Caterpillars of the Viceroy butterfly eating a wetland willow tree.

With more than five decades of gardening experience behind me, you would think I would have cultivated more patience. But every year, I find myself wondering if the shiny green globes on the tomato plants will ever morph into red juicy delights, if the bean vines scaling the top of their trellis will ever produce the long green flavorful pods we adore, and if the expanding buds of my native perennials will ever open so the pollinator party can get fully underway.

Chrysalis of a Monarch Butterfly

I found myself doing it again earlier this week. I was standing in front of the purple milkweeds in the pollinator garden exhorting them to hurry up and open. They still haven’t, by the way, but at least I can now see hints of color in some of the buds. I added Fire Pinks (Silene virginica) to that garden last fall. In the last few weeks, they’ve been sending up many flower stalks laden with promising buds. But the recent cool, cloudy spell of weather put them into suspended animation. Finally, just yesterday, a single flower on one of the plants managed to open. It took it all day, but late-afternoon sun finally coaxed this single crimson flower into fully opening.

Fire Pink bud just opening

I confess I visited this flower several times during the day, photographing it at every stage of its unfolding. That’s when a little epiphany went off in my brain – Nature unfolds at its own pace. Impatience is a human weakness, not a failing of the flower. The point, I belatedly realized, is to celebrate the unfolding, observe and appreciate every moment of the lives around me – and my own!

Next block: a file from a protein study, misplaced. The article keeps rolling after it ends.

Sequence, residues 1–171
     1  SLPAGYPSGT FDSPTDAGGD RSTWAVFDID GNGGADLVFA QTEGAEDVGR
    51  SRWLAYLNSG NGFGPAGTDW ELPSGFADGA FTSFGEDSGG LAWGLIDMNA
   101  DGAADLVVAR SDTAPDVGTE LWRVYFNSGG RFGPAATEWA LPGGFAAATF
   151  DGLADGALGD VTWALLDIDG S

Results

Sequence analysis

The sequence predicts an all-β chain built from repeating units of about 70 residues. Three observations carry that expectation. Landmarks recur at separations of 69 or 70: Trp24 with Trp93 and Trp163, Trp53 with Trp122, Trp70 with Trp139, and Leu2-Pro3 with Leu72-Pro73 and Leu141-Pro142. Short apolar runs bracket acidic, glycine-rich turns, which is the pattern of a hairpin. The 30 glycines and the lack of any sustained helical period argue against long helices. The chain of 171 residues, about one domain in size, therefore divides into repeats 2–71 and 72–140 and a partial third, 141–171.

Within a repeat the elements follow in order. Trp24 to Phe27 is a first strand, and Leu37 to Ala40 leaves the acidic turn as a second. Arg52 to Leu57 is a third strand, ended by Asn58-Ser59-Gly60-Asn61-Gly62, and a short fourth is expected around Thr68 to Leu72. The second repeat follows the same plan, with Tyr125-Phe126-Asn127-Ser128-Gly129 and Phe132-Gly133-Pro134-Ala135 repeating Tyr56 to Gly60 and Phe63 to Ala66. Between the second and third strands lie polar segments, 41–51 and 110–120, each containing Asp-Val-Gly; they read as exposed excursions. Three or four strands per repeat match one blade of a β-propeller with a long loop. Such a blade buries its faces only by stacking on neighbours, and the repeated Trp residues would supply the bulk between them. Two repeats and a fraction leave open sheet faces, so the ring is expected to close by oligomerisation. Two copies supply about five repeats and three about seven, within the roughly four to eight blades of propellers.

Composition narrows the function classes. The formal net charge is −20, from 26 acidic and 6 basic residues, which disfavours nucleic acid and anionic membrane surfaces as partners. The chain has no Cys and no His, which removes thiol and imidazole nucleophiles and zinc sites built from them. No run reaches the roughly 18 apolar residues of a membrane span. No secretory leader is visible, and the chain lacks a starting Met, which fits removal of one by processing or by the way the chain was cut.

Fire Pink almost fully open

I know – duh, right? Like most folks, I juggle a fair number of projects, interact with a number of different people, and it is very easy for me to get lost in the machinery of my brain as it attempts to find a way to finish everything on my infinite to-do list. Duh, again – infinite to-do list? Who am I kidding?

The “pink” in Fire Pink refers to the “pinked” (serrated) edges of its petals, not the color.

From this point forward, I am going to do my best to stay in the moment as often as I can. Instead of tapping my toes impatiently at tightly closed flower buds, I will breathe deeply beside them and try to tune into the tempo of their lives. I will try to relish every stage of Nature’s unfolding, chill out my runaway-freight-train brain, and seek peace in every beautiful moment of every day.

An Ashe Magnolia’s floral beginning (bud) and ending (cone/fruit)

 

Ashe Magnolia blossom